The old black and white image of a smiling woman balancing a man’s shoe on her head makes one wonder about the kind of mindset behind the shoe advertisement.
Although other reproduced advertisements in the Uks Resource Centre’s Diary 2020 titled Advertising — Women of Pakistan: Time to See and be the Change, which was launched here on Saturday, may not be as shocking, several still show men and women in stereotypical roles.
For example, women are shown promoting cooking oil, serving tea, selling beauty soap, fairness creams and shampoos while the men are depicted selling shaving razors.
But, there are advertisements showing couples riding bicycles, a little girl and a little boy fixing their toy car or skipping rope together, and women breaking free from the clutches of centuries-old stereotypical gender roles by working as taxi drivers or chemists and girls excelling in sports or studies.
‘Since feminism is selling these days, we are getting to watch men serving tea for their better halves’
According to the Uks director, since 1998 they have taken care to bring out a diary every year which has a fresh and meaningful theme. This time the 2020 diary is about advertising and how women have been portrayed in Pakistani advertising through the years and what kind of advertisements are printed or broadcast here.
For this, the Uks team combed extensively through archival material from the 1950s onwards to learn about the kind of advertisements produced during those days. A marked difference found between advertisements being produced today and those made decades ago is that modern ads contain far more glamour and artificiality with sexual connotations.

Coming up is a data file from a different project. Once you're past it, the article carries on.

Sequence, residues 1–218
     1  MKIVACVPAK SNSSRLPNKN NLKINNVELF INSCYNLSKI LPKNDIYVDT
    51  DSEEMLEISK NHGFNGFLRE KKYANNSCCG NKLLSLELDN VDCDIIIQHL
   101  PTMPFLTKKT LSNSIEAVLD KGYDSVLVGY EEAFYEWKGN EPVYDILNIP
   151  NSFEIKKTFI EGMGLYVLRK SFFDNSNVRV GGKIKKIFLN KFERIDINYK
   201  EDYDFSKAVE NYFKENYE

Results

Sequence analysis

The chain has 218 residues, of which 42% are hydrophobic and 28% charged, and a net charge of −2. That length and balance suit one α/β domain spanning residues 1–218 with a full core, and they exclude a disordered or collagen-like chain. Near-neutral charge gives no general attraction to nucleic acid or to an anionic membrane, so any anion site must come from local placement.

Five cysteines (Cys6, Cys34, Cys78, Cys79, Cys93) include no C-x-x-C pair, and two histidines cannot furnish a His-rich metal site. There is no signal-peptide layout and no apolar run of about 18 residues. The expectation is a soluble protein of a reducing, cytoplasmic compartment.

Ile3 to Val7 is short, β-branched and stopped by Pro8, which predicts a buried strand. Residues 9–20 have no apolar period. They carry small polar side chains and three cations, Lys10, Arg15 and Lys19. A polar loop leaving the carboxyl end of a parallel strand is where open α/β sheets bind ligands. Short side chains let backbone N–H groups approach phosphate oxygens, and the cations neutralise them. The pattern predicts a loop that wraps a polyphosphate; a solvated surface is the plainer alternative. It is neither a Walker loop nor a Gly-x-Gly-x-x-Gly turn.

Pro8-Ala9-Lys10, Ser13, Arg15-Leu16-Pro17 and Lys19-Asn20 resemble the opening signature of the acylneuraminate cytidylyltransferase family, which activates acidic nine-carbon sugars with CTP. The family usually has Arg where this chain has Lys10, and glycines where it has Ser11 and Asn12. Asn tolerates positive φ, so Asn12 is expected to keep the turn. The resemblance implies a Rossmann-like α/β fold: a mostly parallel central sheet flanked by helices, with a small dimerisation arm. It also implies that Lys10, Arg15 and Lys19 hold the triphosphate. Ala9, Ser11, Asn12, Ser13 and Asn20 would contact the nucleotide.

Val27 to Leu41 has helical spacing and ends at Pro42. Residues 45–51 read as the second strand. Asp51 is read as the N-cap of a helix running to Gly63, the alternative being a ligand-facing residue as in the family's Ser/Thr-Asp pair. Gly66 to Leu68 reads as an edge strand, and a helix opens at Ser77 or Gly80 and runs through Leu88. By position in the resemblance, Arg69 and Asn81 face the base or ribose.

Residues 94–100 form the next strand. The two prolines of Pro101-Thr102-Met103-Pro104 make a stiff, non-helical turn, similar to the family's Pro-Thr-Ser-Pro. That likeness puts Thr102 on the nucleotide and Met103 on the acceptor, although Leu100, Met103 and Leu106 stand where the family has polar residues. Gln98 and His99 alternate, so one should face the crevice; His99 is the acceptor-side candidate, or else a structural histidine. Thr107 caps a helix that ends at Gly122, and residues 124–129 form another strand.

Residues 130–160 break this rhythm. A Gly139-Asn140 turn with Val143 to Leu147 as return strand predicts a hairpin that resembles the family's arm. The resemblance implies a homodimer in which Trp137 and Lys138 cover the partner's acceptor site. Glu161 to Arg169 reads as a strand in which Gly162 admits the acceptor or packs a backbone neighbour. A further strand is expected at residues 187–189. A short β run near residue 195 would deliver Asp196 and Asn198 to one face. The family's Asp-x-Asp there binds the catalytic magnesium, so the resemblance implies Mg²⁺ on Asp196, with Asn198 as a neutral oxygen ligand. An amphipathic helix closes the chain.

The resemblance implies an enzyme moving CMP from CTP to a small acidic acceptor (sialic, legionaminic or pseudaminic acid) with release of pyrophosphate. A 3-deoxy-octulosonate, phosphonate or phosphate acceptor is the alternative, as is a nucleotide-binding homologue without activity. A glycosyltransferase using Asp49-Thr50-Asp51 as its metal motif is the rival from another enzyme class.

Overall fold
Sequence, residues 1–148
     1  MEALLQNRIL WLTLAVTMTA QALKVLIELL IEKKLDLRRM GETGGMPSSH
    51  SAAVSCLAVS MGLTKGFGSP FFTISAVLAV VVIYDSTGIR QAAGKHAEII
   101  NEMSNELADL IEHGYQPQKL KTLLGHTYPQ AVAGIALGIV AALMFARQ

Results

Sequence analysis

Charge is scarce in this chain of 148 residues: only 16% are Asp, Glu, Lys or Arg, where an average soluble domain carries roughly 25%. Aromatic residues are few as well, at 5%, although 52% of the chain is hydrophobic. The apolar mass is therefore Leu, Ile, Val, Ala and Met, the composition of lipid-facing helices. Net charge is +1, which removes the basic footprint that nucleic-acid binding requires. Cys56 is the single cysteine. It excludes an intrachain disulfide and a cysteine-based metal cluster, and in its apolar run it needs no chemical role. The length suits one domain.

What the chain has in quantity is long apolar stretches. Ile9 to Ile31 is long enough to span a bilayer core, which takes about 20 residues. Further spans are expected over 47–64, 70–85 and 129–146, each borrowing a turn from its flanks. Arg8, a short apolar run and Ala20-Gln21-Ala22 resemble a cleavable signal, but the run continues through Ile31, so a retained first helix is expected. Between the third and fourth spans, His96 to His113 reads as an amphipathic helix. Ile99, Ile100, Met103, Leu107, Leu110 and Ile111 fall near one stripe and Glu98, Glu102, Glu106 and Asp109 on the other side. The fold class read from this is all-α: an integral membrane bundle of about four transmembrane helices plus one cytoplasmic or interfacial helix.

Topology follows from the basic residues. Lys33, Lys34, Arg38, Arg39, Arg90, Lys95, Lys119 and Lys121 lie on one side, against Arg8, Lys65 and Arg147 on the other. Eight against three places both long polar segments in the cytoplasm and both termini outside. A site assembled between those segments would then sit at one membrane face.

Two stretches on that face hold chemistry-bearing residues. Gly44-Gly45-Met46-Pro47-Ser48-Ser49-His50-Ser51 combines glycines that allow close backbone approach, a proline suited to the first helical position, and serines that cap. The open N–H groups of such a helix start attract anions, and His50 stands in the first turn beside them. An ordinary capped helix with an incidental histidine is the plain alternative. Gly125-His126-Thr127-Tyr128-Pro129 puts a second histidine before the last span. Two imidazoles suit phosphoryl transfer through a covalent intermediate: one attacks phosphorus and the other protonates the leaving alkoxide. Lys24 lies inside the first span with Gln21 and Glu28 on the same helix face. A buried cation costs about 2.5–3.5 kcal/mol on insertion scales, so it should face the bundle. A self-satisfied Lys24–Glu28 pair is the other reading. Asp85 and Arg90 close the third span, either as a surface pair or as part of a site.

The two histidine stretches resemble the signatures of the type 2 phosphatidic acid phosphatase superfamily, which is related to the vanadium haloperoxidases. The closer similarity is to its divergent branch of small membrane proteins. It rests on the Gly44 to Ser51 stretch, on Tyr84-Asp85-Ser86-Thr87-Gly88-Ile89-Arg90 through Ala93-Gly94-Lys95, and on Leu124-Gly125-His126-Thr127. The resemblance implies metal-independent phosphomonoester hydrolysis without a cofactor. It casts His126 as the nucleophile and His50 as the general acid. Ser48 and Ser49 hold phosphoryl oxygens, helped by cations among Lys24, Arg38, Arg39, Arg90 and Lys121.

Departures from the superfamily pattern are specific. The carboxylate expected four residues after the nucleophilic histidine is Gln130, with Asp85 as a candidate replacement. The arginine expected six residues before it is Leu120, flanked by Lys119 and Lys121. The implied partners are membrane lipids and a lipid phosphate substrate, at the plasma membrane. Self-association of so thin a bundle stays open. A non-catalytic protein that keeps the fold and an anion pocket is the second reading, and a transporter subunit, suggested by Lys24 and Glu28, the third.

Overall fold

Ad and PR woman and human rights communications expert, Seema Jaffer said that women are influenced by ad campaigns but a recent change that she has seen is women raising their voices against what they see and don’t like.
“For instance, Pakistani cricketer and [former captain of Pakistan’s women cricket team] Sana Mir recently called out [film star] Mahira Khan’s hair removal cream ad for body-shaming girls,” she said.
She also felt that putting women behind the camera was also bringing about a change in the kind of advertising shown on TV but there was now a need for men to change their way of thinking and see women in a new light.
Journalist Afia Salam shared her observations about advertisements on television which give the impression that boys’ diet is more important than girls’. So they are shown gulping down milk and food supplements while girls are shown enjoying cola drinks, she said.
“In India, there has been a shift in beauty standards with the ‘Dark is Beautiful’ campaign in which actress Nandita Das talks about the obsession of Indians for fair skin. But she is spreading awareness about the unjust effects of skin colour discrimination.”
“The campaign challenges the belief that the value and beauty of people are determined by the fairness of their skin colour. And here we have slogans such as ‘Gora hoga Pakistan’ giving way to low self-esteem,” she said.
But, the advertisement agencies are after all a service industry where the client is always right and clients usually feel that girls add glamour to ads, she said.
Psychologist Dr Asha Bedar reminded that young people are impressionable and advertisements change with trends and demands.
She pointed out, “Trends won’t change until societal thinking changes. Since feminism is selling these days, we are getting to watch men serving tea for their better halves.”
“But advertisements, where a husband is ridiculed at work for his dirty shirt and daughters-in-law trying to appease their mothers-in-law with their cooking, are still very much there.”
Originally published in Dawn, January 19th, 2020